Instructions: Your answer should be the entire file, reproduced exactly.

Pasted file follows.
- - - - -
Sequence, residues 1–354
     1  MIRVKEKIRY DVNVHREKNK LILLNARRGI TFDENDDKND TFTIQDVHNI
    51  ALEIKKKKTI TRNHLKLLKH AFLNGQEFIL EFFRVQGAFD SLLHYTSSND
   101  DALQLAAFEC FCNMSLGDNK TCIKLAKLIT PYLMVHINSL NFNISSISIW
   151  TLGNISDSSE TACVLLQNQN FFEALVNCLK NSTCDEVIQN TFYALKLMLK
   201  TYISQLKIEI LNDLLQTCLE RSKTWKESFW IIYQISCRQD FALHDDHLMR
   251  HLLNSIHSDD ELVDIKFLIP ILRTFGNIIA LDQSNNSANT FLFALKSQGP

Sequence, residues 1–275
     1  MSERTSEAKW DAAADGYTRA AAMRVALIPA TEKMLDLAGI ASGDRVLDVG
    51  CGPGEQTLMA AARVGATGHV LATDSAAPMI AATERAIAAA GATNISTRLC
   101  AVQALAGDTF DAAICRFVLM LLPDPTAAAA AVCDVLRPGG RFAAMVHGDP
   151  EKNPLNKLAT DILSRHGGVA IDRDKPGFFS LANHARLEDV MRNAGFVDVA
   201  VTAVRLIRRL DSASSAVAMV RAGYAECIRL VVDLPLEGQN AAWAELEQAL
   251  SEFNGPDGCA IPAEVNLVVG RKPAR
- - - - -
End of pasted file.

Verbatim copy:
Sequence, residues 1–354
     1  MIRVKEKIRY DVNVHREKNK LILLNARRGI TFDENDDKND TFTIQDVHNI
    51  ALEIKKKKTI TRNHLKLLKH AFLNGQEFIL EFFRVQGAFD SLLHYTSSND
   101  DALQLAAFEC FCNMSLGDNK TCIKLAKLIT PYLMVHINSL NFNISSISIW
   151  TLGNISDSSE TACVLLQNQN FFEALVNCLK NSTCDEVIQN TFYALKLMLK
   201  TYISQLKIEI LNDLLQTCLE RSKTWKESFW IIYQISCRQD FALHDDHLMR
   251  HLLNSIHSDD ELVDIKFLIP ILRTFGNIIA LDQSNNSANT FLFALKSQGP

Sequence, residues 1–275
     1  MSERTSEAKW DAAADGYTRA AAMRVALIPA TEKMLDLAGI ASGDRVLDVG
    51  CGPGEQTLMA AARVGATGHV LATDSAAPMI AATERAIAAA GATNISTRLC
   101  AVQALAGDTF DAAICRFVLM LLPDPTAAAA AVCDVLRPGG RFAAMVHGDP
   151  EKNPLNKLAT DILSRHGGVA IDRDKPGFFS LANHARLEDV MRNAGFVDVA
   201  VTAVRLIRRL DSASSAVAMV RAGYAECIRL VVDLPLEGQN AAWAELEQAL
   251  SEFNGPDGCA IPAEVNLVVG RKPAR